See separate Placenta Praevia article.

Marginal insertion of cord (battledore)

This occurs where the cord has a marginal rather than central insertion to the placenta. It is not of clinical significance.

Velamentous cord insertion and vasa praevia

Velamentous cord insertion is where the placenta has developed away from the attachment of the cord and the vessels divide in the membrane. If the vessels cross the lower pole of the chorion, this is known as vasa praevia and there is high risk of fetal haemorrhage and death at rupture of membranes. Vasa praevia can be accurately diagnosed with transvaginal colour Doppler ultrasound. Risk of vasa praevia is increased in:[14]

  • IVF pregnancies.
  • Bilobate or succenturiate placenta.
  • Second-trimester placenta praevia.

In the presence of bleeding vasa praevia, delivery should be achieved by emergency Caesarean section.[4] Elective Caesarean section prior to the rupture of membranes should be performed when vasa praevia is diagnosed before labour.[15]

Abnormal length of cord

  • A long cord (>100 cm) is associated with increased risk of fetal entanglement, knots and prolapse of the cord.[16]
  • A short cord (<40 cm) may be associated with a poorly active fetus, Down's syndrome, cord rupture, breech position, prolonged second stage, uterine inversion and abruption. However, a short cord does not seem to impede vaginal delivery except where excessively short (<13 cm) in association with a fundal placenta.[17]
  • A normal length cord may become relatively short because of multiple looping around the baby's neck.

Abnormal number of vessels

A single uterine artery is associated with increased risk of fetal anomalies, particularly trisomies and cord compression.[18]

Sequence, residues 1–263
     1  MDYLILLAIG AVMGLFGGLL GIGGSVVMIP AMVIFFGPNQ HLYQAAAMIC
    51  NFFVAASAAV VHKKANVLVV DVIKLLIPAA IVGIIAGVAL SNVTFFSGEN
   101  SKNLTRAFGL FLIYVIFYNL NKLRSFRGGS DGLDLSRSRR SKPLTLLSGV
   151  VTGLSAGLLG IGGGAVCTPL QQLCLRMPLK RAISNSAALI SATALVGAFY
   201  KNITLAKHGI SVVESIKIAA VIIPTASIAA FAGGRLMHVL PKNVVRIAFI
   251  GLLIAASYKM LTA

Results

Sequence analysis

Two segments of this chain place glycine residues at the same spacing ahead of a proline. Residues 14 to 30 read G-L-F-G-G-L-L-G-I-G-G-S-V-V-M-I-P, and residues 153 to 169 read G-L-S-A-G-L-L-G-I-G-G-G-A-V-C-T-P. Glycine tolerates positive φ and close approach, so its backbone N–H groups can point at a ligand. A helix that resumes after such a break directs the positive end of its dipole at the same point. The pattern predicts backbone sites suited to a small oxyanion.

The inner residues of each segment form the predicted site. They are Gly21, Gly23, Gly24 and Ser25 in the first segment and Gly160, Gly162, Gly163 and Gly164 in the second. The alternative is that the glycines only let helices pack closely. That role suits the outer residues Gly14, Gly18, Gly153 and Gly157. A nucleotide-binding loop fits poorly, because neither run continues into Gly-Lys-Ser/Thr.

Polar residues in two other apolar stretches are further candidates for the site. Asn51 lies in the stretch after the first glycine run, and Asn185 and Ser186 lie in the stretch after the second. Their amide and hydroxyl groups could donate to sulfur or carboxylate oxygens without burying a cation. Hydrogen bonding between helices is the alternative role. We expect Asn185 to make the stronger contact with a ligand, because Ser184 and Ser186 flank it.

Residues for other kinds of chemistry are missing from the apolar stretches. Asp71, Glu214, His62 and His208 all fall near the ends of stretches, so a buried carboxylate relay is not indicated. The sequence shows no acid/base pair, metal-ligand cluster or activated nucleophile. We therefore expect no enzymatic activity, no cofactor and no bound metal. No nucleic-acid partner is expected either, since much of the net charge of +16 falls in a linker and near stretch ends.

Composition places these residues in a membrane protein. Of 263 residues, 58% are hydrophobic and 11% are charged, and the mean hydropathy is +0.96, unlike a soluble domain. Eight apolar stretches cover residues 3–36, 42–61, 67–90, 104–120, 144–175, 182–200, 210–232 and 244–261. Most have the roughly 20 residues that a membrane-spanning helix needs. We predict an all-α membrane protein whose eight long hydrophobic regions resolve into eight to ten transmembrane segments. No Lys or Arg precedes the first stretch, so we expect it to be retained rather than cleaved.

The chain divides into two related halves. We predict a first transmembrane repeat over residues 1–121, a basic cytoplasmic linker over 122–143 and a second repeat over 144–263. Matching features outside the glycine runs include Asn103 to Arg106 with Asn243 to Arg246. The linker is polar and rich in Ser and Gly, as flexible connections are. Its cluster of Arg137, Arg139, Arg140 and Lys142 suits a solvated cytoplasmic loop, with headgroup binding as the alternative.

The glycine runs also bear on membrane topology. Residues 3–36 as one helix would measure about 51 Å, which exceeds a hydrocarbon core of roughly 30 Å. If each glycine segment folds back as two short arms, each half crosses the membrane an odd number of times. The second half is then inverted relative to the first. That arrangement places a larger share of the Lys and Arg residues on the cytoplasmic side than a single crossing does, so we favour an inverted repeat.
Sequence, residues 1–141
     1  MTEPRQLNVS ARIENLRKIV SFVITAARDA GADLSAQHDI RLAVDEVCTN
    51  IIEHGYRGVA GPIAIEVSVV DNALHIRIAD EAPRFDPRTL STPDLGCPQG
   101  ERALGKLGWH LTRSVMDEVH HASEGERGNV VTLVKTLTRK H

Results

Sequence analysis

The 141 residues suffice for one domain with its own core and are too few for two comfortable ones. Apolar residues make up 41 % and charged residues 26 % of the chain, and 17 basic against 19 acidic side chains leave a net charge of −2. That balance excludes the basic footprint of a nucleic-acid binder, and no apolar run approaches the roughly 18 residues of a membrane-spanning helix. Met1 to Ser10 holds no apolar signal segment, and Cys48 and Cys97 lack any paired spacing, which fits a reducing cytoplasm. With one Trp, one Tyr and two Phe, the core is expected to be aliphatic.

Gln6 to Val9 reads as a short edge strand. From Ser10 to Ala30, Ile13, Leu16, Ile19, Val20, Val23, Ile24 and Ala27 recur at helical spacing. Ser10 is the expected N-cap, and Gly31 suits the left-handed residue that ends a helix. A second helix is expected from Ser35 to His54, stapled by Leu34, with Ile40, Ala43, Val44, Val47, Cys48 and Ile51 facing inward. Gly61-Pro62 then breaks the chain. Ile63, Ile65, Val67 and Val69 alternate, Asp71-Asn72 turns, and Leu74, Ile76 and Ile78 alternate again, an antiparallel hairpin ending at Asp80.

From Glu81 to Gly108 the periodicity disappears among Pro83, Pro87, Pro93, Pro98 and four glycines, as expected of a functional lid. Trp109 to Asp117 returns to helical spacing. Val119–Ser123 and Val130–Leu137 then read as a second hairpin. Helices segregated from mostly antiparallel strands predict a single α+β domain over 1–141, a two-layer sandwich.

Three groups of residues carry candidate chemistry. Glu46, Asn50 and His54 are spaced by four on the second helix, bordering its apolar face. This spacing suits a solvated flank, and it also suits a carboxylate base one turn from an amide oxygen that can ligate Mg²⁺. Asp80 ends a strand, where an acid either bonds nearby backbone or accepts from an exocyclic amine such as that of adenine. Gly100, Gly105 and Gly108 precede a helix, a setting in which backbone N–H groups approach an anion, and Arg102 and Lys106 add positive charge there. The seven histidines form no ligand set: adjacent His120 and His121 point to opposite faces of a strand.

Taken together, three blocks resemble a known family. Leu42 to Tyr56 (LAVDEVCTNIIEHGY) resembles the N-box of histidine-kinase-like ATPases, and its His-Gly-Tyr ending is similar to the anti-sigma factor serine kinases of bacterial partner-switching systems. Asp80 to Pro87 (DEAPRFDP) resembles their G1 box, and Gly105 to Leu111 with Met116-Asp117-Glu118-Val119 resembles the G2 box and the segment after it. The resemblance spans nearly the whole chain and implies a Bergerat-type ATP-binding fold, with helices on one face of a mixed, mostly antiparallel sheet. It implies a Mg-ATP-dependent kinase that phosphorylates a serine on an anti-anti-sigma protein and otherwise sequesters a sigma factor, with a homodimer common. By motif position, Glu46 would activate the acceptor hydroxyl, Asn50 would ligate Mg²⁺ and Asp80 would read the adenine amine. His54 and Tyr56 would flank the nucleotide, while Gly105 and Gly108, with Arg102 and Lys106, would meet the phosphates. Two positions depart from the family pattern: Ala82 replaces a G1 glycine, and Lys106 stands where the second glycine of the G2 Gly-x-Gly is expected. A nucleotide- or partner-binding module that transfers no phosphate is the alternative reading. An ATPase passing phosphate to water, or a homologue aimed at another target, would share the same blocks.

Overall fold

Further reading & references

  1. Yetter JF 3rd; Examination of the placenta.; Am Fam Physician. 1998 Mar 1;57(5):1045-54.
  2. Suzuki S; Clinical significance of pregnancies with circumvallate placenta. J Obstet Gynaecol Res. 2008 Feb;34(1):51-4.
  3. Suzuki S, Igarashi M; Clinical significance of pregnancies with succenturiate lobes of placenta. Arch Gynecol Obstet. 2008 Apr;277(4):299-301. Epub 2007 Oct 16.
  4. Placenta Praevia, Placenta Praevia Accreta and Vasa Praevia: Diagnosis and Management; Royal College of Obstetricians and Gynaecologists (January 2011)
  5. Wu S, Kocherginsky M, Hibbard JU; Abnormal placentation: twenty-year analysis.; Am J Obstet Gynecol. 2005 May;192(5):1458-61.
  6. Saving Mothers' Lives. Reviewing maternal deaths to make motherhood safer: 2006-2008; Centre for Maternal and Child Enquiries (CMACE), BJOG, Mar 2011
  7. Weeks AD; The retained placenta. Best Pract Res Clin Obstet Gynaecol. 2008 Sep 13.
  8. Gaufberg SV; Abruptio placentae, eMedicine, Dec 2008
  9. El-Mowafi D; Bleeding in Late Pregnancy (Antepartum Haemorrhage), Geneva Foundation for Medical Education and Research, 2008
  10. Neilson JP; Interventions for treating placental abruption. Cochrane Database Syst Rev. 2003;(1):CD003247.
  11. Oyelese Y, Ananth CV; Placental abruption. Obstet Gynecol. 2006 Oct;108(4):1005-16.
  12. Yang Q, Wen SW, Oppenheimer L, et al; Association of caesarean delivery for first birth with placenta praevia and BJOG. 2007 May;114(5):609-13. Epub 2007 Mar 12.
  13. Papp Z; Massive obstetric hemorrhage. J Perinat Med. 2003;31(5):408-14.
  14. Baulies S, Maiz N, Munoz A, et al; Prenatal ultrasound diagnosis of vasa praevia and analysis of risk factors. Prenat Diagn. 2007 Jul;27(7):595-9.
  15. Oyelese Y, Smulian JC; Placenta previa, placenta accreta, and vasa previa.; Obstet Gynecol. 2006 Apr;107(4):927-41.
  16. Baergen RN, Malicki D, Behling C, et al; Morbidity, mortality, and placental pathology in excessively long umbilical cords: retrospective study. Pediatr Dev Pathol. 2001 Mar-Apr;4(2):144-53.
  17. LaMonica GE, Wilson ML, Fullilove AM, et al; Minimum cord length that allows spontaneous vaginal delivery. J Reprod Med. 2008 Mar;53(3):217-9.
  18. Lubusky M, Dhaifalah I, Prochazka M, et al; Single umbilical artery and its siding in the second trimester of pregnancy: relation to chromosomal defects. Prenat Diagn. 2007 Apr;27(4):327-31.

Disclaimer: This article is for information only and should not be used for the diagnosis or treatment of medical conditions. EMIS has used all reasonable care in compiling the information but make no warranty as to its accuracy. Consult a doctor or other health care professional for diagnosis and treatment of medical conditions. For details see our conditions.

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Dr Chloe Borton